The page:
Printing a booklet on a Mac

I had a 47-page PDF document that I wanted to turn into a compact A5 booklet – you know, one of those things where you get out the big stapler and make something like this:

Unfortunately, you need to print page 39 on the same page as page 10, and then pages 40 and 9 on the other side, etc, and when you get to anything more than about 4 pages it’s hard and tedious to do this by hand and get it right. My HP printer driver had a ‘booklet’ facility, and it worked OK for 8 pages, but let me down when given any more.

Now, there are utilities you can buy which can do exactly this, but why would I spend a tenner or two when I could instead use a few otherwise lucrative working hours and build one myself?

So here’s my solution, which could be a lot tidier, but does the only tricky bit of the job: getting the pages in the right order. It’s an Automator script which you can run as a service: once installed, you can right-click on a PDF and select Services, and you should find a ‘Make Booklet PDF’ option. It produces a new PDF on your Desktop with appropriately shuffled pages. You can then just print that using Preview as follows:

  • Go into the Layout section of the Print dialog.
  • Select Two-Sided Printing
  • Set Pages per Sheet to ‘2’
  • Set the ‘Two-Sided’ option to ‘Short-Edge Binding’

Now, please note: You should understand how this works before trying it! It’s not complex, and I could have made it much prettier and self-explanatory, but I was using Automator, which is so far from a real programming language as to be frustrating. It does, however, have a few useful ways of manipulating PDFs without having to install anything else, and my script will at least prompt you with some of the following information when you run it.

(Note too that if you’re reading this in 2022 or later, you definitely want to continue on to read the updates at the bottom of the post!)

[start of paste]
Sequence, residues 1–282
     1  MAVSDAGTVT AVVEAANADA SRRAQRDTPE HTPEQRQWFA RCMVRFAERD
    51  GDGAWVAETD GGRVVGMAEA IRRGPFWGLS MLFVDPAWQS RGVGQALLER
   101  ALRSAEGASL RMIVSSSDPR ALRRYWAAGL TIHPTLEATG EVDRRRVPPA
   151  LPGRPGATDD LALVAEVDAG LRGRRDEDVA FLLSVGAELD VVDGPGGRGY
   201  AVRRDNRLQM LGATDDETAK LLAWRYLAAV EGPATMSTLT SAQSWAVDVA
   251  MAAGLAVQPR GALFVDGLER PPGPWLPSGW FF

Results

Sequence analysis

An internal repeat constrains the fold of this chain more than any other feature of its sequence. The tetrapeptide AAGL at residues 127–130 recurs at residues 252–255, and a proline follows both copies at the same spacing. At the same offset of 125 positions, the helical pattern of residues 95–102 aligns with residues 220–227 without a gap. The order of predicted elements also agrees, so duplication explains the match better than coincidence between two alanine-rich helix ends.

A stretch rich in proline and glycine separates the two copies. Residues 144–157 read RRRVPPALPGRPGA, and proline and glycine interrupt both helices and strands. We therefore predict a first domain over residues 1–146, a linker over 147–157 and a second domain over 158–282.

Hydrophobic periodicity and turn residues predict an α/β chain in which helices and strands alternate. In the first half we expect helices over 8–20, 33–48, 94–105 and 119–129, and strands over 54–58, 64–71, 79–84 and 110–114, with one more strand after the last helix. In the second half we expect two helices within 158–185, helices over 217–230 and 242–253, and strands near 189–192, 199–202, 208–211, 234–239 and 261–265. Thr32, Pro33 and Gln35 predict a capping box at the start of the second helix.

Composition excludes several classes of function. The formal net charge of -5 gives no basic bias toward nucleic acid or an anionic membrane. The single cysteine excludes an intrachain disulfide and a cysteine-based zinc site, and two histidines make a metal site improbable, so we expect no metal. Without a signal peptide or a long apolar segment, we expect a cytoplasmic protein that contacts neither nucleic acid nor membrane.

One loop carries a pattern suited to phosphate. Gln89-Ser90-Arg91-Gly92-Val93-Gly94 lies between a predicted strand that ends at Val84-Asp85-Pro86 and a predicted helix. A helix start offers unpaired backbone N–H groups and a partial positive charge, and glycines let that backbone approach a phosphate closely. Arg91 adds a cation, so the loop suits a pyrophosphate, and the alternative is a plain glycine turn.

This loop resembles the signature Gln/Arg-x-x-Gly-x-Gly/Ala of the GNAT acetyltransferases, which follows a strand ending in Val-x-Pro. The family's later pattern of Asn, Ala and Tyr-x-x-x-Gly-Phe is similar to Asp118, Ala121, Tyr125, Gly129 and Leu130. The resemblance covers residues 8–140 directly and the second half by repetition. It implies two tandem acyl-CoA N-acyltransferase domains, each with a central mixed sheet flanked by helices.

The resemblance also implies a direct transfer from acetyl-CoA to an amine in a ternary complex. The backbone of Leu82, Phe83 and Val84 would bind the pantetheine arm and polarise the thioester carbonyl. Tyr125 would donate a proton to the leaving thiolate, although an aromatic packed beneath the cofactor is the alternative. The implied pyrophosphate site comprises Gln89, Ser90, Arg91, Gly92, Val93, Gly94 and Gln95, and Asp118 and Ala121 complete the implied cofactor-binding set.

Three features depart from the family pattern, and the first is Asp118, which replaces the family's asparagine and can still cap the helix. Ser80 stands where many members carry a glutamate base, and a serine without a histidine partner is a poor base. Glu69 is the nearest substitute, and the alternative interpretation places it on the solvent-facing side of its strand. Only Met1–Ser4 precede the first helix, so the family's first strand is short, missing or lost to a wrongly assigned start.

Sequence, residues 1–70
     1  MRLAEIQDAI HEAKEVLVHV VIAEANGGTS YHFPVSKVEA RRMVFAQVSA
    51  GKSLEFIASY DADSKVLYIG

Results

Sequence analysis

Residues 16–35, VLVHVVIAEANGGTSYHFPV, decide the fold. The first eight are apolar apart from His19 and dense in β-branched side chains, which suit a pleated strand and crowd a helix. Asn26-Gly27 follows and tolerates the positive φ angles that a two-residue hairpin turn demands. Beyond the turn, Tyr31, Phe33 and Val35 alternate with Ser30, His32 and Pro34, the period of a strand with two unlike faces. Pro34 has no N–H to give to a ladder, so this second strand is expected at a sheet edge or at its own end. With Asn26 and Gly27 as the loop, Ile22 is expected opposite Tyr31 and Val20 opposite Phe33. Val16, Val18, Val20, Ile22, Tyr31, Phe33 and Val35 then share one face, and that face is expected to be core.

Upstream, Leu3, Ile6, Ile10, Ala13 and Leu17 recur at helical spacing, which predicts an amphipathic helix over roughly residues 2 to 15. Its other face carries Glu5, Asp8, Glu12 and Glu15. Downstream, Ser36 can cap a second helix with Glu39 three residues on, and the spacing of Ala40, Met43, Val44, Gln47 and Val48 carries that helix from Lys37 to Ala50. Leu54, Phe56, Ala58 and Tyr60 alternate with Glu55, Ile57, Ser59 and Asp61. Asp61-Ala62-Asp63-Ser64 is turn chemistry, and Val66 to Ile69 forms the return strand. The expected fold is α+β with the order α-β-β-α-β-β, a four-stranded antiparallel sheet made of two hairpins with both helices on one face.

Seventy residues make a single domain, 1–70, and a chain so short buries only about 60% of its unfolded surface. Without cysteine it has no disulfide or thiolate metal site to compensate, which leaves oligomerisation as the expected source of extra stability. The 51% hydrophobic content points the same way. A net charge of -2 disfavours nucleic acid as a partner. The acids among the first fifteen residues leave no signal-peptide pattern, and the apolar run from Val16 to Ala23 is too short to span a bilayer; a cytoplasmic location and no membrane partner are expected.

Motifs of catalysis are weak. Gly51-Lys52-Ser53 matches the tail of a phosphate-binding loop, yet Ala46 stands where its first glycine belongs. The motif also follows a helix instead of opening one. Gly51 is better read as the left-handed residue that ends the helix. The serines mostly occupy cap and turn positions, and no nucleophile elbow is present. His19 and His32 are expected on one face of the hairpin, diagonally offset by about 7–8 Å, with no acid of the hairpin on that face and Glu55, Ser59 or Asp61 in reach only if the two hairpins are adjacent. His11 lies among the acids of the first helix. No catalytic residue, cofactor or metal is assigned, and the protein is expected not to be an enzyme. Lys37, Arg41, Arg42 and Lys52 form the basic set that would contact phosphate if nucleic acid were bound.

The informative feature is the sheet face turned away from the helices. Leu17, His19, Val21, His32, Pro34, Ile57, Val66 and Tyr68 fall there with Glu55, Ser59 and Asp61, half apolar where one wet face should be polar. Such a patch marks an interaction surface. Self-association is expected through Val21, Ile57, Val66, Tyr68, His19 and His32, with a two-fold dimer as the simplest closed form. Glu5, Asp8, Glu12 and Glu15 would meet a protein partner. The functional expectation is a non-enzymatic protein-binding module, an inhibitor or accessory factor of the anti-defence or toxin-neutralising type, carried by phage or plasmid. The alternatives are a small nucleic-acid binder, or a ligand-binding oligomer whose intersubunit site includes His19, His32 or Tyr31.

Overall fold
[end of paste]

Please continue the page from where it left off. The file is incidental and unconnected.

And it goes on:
OK,

  • First, the number of pages in your starting PDF must be a multiple of 4. Fortunately, you can easily append blank pages in Preview if needed. Select the last page and choose ‘Edit > Insert > Blank Page’ as often as needed and then save. The script will warn you if your page count isn’t right.

  • Then when you run the script, it will create a folder called ‘booklet-pages’ on your desktop. In here, it will create one PDF for each page of your document.

  • Finally, it will work out what order these pages should be in, and create a new ‘booklet.pdf’ on your desktop with the pages reassembled in that order.

  • You can then delete the ‘booklet-pages’ folder.

So, here’s a zip file containing the Automator script. You should be able to double-click it and open it in Automator if you want to see what’s inside, but I think if you put it into your ~/Library/Services folder within your home directory, it will probably just appear as a service if you right-click on a PDF file in the Finder.

Make Booklet PDF on desktop.zip (for pre-Monterey Macs)

Hope it’s useful to someone! Sorry I can’t provide any support if you try it, but recommendations and improvements are welcome from anybody with more Automator stamina than me! All I can say is that it works nicely on my Mac running High Sierra (10.13.6).

Some updates: please read these when you’ve read all of the above

Update:

If you’re doing this kind of thing, you may also like a video of MacOS PDF tips and tricks, which I made back in 2016 but which people still say they find useful.

Update April 2022:

MacOS version 12.3 and onwards doesn’t include Python 2, on which this script depended, and, while it does include Python 3, Apple haven’t updated Automator to make the switch quite as trivial as it should be! However, I’ve created an updated version which works on my Mac; I hope somebody can confirm that it works for them too! (See below.)